He added, “Nintendo is a strong player in this industry. Do I wish every Switch player was also an Xbox owner? That would be awesome, but that’s not going to happen. Sony is the same way. I don’t think gaming is better if Xbox somehow replaces PlayStation.”
It’s a refreshing statement to hear from one of gaming’s leading executives, but it’s also perfectly in line with Microsoft’s brand transformation, Carter Rogers, SuperData’s Principal Analyst, explained to GameDaily.
“Xbox has effectively been the name of the Microsoft gaming brand, rather than a platform, for several years now,” he noted. “Microsoft has deemphasized the importance of Xbox consoles ever since they stopped reporting on sales figures (likely as a result of falling far behind PlayStation 4 shipments).
“The ongoing success of the platform-agnostic Minecraft means this policy is a no-brainer. It’s better for the company to keep users playing, and spending on, a Microsoft-published game on another company’s device instead of missing out on those players entirely. It’s much like how they released full-featured versions of Office on iOS and Android after their own Windows Mobile operating system failed to take off.”
Lewis Ward, IDC’s Research Director, Gaming and VR/AR, agrees that there’s definitely a Windows business approach rubbing off on the Xbox team, and that’s not necessarily a bad thing.
“Shortly after the launch of the Xbox One, Microsoft announced it would begin taking more of an OS view of gaming (Windows 10) and gamer base view of gaming (Xbox Live) and less of a hardware-centric view of the market,” Ward told us. “I think this is a continuation of this thread. If Microsoft can make money by running/hosting Sony and PlayStation Now games, or Nintendo games for that matter, on Azure, then they’ll do it. They want many first-party titles to be sold on Steam and other digital stores.
“They think the hardware or store exclusivity tradeoff isn’t worth it in these cases. In some ways, with huge games like Fortnite and Minecraft doing well with multiplatform support, I think you can say Microsoft has seen the writing on the wall and they want to climb a little more on the multiplatform bandwagon. This way they can be on the ‘right side’ of gamers in terms of openness and it’s possible the net effect is that these games will make more money long-term than the combination of platform exclusivity and whatever the incremental bump in hardware sales math works out to as a result of that exclusivity.”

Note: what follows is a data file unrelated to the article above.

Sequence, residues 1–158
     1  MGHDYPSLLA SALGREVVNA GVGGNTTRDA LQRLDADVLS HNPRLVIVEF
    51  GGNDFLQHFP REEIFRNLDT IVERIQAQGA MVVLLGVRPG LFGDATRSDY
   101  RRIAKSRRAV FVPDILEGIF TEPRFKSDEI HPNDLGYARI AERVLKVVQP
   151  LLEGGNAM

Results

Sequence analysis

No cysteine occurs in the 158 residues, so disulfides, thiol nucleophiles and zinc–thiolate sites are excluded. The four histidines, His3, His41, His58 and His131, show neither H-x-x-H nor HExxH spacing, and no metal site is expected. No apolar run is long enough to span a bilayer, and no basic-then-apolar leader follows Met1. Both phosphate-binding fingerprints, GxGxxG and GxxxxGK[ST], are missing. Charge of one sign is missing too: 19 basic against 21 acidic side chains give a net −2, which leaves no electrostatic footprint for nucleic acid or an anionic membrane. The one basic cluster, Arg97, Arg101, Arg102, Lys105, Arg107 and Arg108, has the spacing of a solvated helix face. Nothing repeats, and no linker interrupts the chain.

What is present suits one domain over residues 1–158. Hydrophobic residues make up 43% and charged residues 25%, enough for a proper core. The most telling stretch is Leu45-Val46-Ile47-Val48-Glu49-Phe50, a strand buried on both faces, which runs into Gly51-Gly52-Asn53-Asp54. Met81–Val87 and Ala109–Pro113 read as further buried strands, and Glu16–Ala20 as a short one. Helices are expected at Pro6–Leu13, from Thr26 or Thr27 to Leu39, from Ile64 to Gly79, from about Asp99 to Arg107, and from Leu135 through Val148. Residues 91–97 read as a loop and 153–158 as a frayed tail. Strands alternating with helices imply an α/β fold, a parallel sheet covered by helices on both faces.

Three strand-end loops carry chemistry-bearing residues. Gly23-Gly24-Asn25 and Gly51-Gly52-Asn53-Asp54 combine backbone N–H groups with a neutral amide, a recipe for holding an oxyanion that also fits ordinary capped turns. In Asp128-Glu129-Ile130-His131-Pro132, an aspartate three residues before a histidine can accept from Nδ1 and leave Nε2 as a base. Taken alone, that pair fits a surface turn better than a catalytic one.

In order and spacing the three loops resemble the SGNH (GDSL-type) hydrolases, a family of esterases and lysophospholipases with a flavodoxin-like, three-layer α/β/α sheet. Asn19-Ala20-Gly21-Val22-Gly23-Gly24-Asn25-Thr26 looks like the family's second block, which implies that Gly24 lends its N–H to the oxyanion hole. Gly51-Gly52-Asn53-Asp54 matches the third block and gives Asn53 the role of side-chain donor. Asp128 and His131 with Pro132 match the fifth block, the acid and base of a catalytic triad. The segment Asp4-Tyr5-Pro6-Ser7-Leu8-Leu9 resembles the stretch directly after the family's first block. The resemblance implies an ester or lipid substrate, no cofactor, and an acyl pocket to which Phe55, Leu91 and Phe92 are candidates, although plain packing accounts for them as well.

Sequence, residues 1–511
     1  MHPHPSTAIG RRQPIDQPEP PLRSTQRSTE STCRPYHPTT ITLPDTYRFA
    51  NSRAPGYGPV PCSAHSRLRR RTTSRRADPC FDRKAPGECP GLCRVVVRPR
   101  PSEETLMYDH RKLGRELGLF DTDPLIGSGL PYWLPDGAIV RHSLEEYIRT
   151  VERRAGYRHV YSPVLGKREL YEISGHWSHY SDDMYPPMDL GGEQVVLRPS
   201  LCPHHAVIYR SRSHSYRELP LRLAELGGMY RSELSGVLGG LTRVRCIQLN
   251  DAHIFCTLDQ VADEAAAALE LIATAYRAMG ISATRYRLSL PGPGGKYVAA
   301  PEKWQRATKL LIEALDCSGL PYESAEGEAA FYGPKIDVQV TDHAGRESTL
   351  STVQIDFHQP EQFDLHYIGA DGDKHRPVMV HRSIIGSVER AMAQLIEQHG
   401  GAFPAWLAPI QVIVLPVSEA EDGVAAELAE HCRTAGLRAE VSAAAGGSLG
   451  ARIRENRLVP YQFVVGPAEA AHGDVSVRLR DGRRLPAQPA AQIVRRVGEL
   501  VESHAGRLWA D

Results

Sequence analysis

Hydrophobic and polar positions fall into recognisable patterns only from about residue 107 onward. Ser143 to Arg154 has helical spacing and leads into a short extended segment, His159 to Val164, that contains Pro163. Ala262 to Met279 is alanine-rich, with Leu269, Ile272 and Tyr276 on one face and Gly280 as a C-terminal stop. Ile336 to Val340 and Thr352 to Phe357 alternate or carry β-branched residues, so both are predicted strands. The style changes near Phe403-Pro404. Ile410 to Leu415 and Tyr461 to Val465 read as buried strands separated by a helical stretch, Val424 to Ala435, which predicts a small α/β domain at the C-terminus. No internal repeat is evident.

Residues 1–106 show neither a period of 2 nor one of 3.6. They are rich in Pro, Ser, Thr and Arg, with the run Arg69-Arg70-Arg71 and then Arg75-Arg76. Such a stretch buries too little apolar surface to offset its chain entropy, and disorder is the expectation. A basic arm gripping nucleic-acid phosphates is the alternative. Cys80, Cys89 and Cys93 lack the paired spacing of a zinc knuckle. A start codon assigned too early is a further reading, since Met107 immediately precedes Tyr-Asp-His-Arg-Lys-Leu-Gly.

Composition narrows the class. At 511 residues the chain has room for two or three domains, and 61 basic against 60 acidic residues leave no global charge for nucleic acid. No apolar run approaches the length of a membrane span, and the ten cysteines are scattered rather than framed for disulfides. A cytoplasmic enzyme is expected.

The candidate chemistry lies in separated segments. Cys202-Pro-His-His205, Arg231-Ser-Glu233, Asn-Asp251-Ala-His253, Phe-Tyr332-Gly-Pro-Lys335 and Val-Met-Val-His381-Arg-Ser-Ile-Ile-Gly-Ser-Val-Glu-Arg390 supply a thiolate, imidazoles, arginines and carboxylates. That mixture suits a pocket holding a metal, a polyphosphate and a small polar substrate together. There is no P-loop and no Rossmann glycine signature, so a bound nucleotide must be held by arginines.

With investments in cloud gaming and growing multi-platform support, some may jump to the conclusion that Microsoft’s rapidly evolving approach could spell the end of Xbox hardware, but that doesn’t seem to be the case — at least not for a number of years.
“This news doesn’t mean Xbox consoles are going the way of Windows Mobile. Even with the upcoming rollout of Project xCloud, Microsoft is set to tout Project Scarlett as the best way to play games from Xbox Game Studios and other AAA publisher,” Rogers reminded us.
“We’ll likely see very different games going truly multi-platform versus staying inside the Xbox ecosystem. Many of the company’s recently-acquired studios make the sort of finite, single-player experiences that can be used to entice hardcore gamers to subscribe to Xbox Game Pass. In contrast, multiplayer titles that are aimed at more casual players are best-suited to appearing on as many screens as possible.”
As Rogers noted, Microsoft is likely to be very selective about which franchises get full-on multi-platform support. And part of that comes down to the fact that it likely knows that Project xCloud is going to be a slow build, meaning the Xbox hardware still has an important role to play.
“In my view, very few hardcore gamers on any device are going to jump on the cloud-streamed gaming bandwagon in the next few years – playing on local devices with local clients will generally deliver a better experience for these gamers,” Ward commented.
In the end, none of this would even be possible without Spencer’s candor and leadership. There’s a reason that studios that once were fiercely independent are suddenly agreeing to join the Xbox team.
“I’ve worked with a lot of different publishers over the years and they all have their own personalities and styles–but Phil is just a very legit individual,” Double Fine’s Tim Schafer remarked to GameSpot. “He’s made a lot of really great public statements about diversity and making games a positive force in the world, which really mesh with Double Fine’s own mission. It kind of cemented that feeling that this is the right thing to do.”